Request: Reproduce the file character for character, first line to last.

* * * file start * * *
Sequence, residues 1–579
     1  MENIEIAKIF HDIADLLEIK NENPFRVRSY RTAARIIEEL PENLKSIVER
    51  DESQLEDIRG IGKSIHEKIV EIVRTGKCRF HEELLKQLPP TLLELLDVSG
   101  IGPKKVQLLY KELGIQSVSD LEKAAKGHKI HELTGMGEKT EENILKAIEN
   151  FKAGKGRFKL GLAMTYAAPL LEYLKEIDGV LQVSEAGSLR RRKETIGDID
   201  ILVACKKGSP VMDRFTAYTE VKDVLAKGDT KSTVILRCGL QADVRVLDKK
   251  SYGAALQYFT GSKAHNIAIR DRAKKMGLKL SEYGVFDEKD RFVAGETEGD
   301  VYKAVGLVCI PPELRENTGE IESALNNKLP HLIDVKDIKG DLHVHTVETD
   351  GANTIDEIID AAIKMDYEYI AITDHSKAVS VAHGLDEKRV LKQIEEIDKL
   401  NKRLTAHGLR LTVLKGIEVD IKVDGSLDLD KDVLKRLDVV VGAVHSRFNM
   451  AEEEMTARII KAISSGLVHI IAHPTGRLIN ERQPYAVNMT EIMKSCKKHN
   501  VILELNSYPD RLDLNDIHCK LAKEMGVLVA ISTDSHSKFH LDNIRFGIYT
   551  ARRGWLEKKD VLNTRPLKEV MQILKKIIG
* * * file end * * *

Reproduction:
Sequence, residues 1–579
     1  MENIEIAKIF HDIADLLEIK NENPFRVRSY RTAARIIEEL PENLKSIVER
    51  DESQLEDIRG IGKSIHEKIV EIVRTGKCRF HEELLKQLPP TLLELLDVSG
   101  IGPKKVQLLY KELGIQSVSD LEKAAKGHKI HELTGMGEKT EENILKAIEN
   151  FKAGKGRFKL GLAMTYAAPL LEYLKEIDGV LQVSEAGSLR RRKETIGDID
   201  ILVACKKGSP VMDRFTAYTE VKDVLAKGDT KSTVILRCGL QADVRVLDKK
   251  SYGAALQYFT GSKAHNIAIR DRAKKMGLKL SEYGVFDEKD RFVAGETEGD
   301  VYKAVGLVCI PPELRENTGE IESALNNKLP HLIDVKDIKG DLHVHTVETD
   351  GANTIDEIID AAIKMDYEYI AITDHSKAVS VAHGLDEKRV LKQIEEIDKL
   401  NKRLTAHGLR LTVLKGIEVD IKVDGSLDLD KDVLKRLDVV VGAVHSRFNM
   451  AEEEMTARII KAISSGLVHI IAHPTGRLIN ERQPYAVNMT EIMKSCKKHN
   501  VILELNSYPD RLDLNDIHCK LAKEMGVLVA ISTDSHSKFH LDNIRFGIYT
   551  ARRGWLEKKD VLNTRPLKEV MQILKKIIG